July 30th, 2014 at 6:57 PM ^

But I believe Mr. Hayes's suggestion is that we put a private organization run by a small clique of billionaires in charge of enforcing all morals.  So, wouldn't the extension be that we privatize the morals police?

The idea that the NFL needs to police its players in their conduct off the field that doesn't impact the game---as with Ray Rice---then just encourages this type of thinking.  To be sure, reasonable people could say that the NFL should do some of it up to a point, but it's a problem.


July 30th, 2014 at 1:29 PM ^


[Colleges] have proven over and over that they have too much invested in players to make decisions that could impact those investments.

But surely we can expect the NFL, an association of explicitly for-profit businesses, to behave differently.


July 30th, 2014 at 1:30 PM ^

At this point, expecting anything more out of your garden-variety oldish sportswriter is foolish. It's a typical, lazy bit of writing from Hayes, where he had the results and worked backwards, data be damned. College athletes get away with stuff, as do professional athletes. I'd also add, as I look out over Wall Street from my office window, a whole bunch of old (mostly) white dudes also get away with stuff, some truly society-altering stuff, and nothing much happens to them.

These are the types of articles written by writers who don't have anything important to write and are just waiting for sports to start so that they can go back to questioning the "heart" of athletes and writing pedantic odes to a never-existed era before the internet when athletes could do dumb, illegal things and some "basement-dweller who lives with his mom" couldn't post the video online.

Kudos to Brian for spending the time writing this up, but there's a reason why The Sporting News' continued existence surprised you and (I'm guessing) most others on this site.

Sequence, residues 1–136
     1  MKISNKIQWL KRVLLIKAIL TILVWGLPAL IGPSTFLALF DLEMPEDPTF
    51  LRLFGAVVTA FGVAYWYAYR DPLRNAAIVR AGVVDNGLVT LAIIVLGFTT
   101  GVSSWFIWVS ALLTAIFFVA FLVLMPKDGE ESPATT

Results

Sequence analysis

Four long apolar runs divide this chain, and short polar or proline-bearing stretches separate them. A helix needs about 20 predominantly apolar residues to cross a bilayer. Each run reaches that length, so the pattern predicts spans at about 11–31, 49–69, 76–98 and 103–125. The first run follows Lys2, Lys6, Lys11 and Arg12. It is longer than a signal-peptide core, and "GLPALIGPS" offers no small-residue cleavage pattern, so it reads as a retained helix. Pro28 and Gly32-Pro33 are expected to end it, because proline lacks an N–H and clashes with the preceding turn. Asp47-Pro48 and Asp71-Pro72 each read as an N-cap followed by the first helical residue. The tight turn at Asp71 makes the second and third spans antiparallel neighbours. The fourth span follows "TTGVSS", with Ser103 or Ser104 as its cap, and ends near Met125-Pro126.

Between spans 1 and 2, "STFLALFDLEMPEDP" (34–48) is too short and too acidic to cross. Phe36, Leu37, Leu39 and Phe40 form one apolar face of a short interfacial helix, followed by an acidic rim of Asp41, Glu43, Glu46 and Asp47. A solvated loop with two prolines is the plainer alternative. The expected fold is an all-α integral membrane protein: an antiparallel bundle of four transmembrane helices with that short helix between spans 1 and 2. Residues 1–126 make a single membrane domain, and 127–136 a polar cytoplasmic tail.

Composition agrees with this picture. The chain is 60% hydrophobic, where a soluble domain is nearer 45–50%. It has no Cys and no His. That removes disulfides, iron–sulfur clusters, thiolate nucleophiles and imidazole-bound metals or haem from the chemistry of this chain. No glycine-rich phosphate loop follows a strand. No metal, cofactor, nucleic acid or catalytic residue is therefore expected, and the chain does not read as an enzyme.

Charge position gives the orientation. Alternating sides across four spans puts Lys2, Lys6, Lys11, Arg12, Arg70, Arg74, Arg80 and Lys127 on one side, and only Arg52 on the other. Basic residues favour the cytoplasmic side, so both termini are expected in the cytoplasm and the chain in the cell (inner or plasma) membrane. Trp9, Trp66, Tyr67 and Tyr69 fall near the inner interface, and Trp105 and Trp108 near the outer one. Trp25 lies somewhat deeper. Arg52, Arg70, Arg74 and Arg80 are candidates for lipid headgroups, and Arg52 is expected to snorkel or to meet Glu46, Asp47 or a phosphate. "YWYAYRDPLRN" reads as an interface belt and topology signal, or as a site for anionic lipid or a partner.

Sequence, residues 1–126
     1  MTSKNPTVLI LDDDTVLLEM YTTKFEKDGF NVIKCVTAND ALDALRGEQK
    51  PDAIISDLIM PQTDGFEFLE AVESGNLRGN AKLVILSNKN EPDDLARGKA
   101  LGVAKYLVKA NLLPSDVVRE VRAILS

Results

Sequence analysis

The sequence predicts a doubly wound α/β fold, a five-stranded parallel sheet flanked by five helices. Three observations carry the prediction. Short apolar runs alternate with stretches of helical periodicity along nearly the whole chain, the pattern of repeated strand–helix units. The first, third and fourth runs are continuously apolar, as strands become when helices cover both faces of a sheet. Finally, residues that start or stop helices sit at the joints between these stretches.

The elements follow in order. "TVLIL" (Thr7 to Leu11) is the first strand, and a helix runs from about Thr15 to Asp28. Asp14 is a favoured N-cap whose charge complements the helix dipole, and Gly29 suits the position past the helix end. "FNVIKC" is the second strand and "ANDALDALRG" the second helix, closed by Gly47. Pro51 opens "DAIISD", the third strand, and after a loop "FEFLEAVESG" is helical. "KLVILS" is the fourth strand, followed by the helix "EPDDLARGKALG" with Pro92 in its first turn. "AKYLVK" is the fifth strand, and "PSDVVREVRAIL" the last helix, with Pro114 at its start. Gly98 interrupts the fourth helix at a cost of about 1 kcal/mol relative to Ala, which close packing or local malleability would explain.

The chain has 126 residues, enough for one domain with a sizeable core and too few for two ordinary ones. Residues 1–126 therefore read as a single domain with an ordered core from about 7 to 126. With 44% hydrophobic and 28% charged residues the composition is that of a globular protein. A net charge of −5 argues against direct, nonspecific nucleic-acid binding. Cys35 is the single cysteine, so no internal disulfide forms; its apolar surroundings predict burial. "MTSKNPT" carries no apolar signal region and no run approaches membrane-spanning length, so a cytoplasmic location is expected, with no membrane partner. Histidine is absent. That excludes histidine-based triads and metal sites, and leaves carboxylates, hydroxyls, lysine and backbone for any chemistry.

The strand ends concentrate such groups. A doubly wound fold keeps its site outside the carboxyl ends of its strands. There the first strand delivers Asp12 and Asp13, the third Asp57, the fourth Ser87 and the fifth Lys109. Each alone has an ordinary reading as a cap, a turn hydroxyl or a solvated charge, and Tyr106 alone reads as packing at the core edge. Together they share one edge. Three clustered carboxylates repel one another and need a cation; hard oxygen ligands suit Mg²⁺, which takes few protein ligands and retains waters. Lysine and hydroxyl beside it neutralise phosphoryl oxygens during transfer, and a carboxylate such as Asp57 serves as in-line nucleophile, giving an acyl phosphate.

Benoit Balls

July 30th, 2014 at 1:39 PM ^

Their NHL power rankings in the early 90's were awesome but I havent heard of them since then.  

Am I the only one who thought this article was going to start off with "John Elway walks into a bar...?"

El Jeffe

July 30th, 2014 at 1:55 PM ^

Here's more evidence that college athletics is in crisis.

/ s


According to this article in The Chronicle, the most recent data I could find said that graduation rates of football and men's basketball players were at an all-time high. Per the article:

Seventy-four percent of Division I men's basketball players and 70 percent of football players in the Football Bowl Subdivision who started college in 2005 completed their degrees within six years of enrolling, according to the NCAA's latest data.

And according to this article in the Journal of Blacks in Higher Education, the black male graduation rate for the general population was at about 35% for roughly the same period.


  1. Not all football and men's basketball players are black, but a lot of them are;
  2. The much higher graduation rate for men's football and basketball players are included in the overall rate, so the rate for non-athlete black males is probably a lot lower.


  1. It is probably true that #1 and #2 roughly balance each other out, meaning that the college graduation rate for black male athletes is likely about twice that of the general black male population (Maybe 60 to 30 or 50 to 25 or so).
  2. Matt Hayes is a twit.


July 30th, 2014 at 2:02 PM ^

Great article overall, but you're conflating two entirely different things when you point out the 40-50% of men are arrested by 23 but only 7% of athletes are charged.  Many people are arrested and then released without charges being filed.  The two things are not synonyms.


Now, a quick googling was unable to find systematic numbers on the subject, but the following report claims that in Oakland, bout 75% of black youths are arrested and not charged.  If this number is represenative (and I have no idea if it is), then college football players are not being arrested/charged at 1/4 the rate of the general young male population.  Instead, they're being arrested/charged at the same rate!  Still not good evidence that there's a plague of arrests in college football, especially when crime is down overall in the country.  So Miller's still a horseface...

Ivan Karamazov

July 30th, 2014 at 3:01 PM ^

It doesnt make sense for Brian to compare the two unless you have both the arrest rates and the charged rates, or a combined rate like your Oakland example.  Also, I would say that using Oakland as a representative example of the country is not a good idea.  Even if it was a representative example I dont follow your math on how athletes are being arrested/charged at the same rate as the general young male population (comparing percentages when one sample group is a subset of another is tricky).

I guess my overal point is a mistake that both you and Brian made; using someone else's statistics (which are often presented in such a way to help the original author's point) when you dont have the raw data can lead to some not-so-logical conclusions.


July 30th, 2014 at 4:20 PM ^